Canada’s housing boom created a nation where more than one in 10 families are what the central bank calls “highly indebted,” data from polling firm Ipsos Canada shows.
The share of households with debts greater than or equal to 250 percent of gross income reached a record 13.5 percent last year, according to Ipsos, the CHART OF THE DAY shows.
“Looking at these figures one would think Canadians are accumulating debt at an alarming rate,” said Michael Hsu, vice president at Ipsos in Toronto. Still, he said “most of the debt Canadians are accumulating is going into real estate and right now the real estate market is holding up quite nicely.”
The Bank of Canada, which calls households owing more than 250 percent of their gross income “highly indebted,” said last month that household imbalances remain the biggest domestic risk to the financial system. Deputy Governor Timothy Lane said June 26 that while there has been a moderation in household imbalances, policy makers are still “watching very closely.”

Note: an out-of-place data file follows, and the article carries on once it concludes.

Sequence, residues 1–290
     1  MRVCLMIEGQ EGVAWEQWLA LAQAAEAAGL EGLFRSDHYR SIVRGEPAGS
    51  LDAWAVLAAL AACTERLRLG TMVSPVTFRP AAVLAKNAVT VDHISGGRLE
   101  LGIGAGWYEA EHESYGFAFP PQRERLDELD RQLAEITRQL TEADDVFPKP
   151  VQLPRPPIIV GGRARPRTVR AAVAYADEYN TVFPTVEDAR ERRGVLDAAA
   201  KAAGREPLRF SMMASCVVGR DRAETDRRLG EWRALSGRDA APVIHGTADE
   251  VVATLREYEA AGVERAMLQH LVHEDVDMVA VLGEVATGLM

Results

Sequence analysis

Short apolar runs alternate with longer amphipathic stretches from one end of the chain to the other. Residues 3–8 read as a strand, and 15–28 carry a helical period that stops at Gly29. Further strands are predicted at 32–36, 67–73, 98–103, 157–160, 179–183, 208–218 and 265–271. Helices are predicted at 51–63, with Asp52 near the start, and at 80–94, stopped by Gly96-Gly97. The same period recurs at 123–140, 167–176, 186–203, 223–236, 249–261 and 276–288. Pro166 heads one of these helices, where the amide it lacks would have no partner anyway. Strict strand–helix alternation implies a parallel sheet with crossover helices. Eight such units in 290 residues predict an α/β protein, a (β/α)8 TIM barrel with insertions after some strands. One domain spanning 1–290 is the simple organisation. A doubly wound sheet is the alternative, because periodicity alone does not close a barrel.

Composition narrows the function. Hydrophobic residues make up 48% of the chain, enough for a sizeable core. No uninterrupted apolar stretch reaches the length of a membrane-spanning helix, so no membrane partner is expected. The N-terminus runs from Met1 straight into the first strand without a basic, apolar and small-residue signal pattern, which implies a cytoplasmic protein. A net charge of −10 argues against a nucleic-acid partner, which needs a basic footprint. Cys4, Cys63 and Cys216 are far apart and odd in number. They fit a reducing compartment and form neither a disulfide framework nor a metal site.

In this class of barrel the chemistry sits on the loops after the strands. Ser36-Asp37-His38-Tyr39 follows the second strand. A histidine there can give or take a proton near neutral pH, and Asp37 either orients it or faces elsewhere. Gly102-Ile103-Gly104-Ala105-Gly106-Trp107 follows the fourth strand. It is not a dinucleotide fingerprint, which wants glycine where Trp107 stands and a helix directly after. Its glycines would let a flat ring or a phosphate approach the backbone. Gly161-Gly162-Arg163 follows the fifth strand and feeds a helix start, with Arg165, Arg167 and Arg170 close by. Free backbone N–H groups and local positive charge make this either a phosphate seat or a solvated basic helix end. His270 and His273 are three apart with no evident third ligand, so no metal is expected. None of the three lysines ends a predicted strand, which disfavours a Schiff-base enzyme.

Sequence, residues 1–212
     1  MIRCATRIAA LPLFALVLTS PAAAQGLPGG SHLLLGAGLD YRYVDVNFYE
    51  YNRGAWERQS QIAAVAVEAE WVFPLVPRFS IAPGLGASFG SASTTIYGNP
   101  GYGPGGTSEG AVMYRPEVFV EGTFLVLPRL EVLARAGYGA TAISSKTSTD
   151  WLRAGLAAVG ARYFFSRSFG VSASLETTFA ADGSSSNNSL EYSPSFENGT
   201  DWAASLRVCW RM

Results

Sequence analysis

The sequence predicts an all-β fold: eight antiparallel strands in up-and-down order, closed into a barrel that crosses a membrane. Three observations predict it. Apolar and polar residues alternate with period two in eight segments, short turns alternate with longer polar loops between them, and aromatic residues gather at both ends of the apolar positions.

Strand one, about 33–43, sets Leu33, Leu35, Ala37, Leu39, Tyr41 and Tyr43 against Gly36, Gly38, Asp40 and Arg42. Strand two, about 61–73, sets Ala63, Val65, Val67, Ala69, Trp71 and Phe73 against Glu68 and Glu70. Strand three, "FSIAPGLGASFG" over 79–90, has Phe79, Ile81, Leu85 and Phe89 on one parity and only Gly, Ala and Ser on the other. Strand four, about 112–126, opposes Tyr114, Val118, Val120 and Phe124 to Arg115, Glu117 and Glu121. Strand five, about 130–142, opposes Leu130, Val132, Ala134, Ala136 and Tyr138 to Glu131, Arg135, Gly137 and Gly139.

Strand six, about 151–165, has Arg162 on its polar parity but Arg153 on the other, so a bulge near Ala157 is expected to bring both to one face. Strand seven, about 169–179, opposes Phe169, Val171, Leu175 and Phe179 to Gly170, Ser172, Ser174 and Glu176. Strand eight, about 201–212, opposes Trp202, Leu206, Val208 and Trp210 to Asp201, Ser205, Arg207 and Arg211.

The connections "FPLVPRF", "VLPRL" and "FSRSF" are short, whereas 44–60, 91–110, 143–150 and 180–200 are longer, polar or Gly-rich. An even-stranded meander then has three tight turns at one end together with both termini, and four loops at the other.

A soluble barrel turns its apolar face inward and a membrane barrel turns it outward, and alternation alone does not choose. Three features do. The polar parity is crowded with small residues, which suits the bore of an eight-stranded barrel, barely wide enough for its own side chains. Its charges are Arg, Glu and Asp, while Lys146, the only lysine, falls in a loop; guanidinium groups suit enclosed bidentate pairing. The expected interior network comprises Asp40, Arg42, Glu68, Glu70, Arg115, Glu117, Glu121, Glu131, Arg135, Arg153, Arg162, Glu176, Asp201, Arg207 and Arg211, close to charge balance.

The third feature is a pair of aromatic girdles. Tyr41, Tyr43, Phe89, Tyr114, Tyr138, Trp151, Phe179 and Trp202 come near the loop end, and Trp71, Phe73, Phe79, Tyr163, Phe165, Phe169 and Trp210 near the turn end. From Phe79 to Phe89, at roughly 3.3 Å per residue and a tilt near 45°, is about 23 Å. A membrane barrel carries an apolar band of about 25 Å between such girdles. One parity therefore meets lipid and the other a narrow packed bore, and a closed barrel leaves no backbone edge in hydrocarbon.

Ipsos data shows the percentage of heavily indebted Canadians had fallen to 11.4 in the first quarter. Another more widely tracked sign of consumer finances also shows that debt levels peaked last year and have begun to decline. Statistics Canada reported the ratio of household debt to disposable income fell to 161.8 percent in the first quarter from a record 162.8 percent in the third quarter of last year.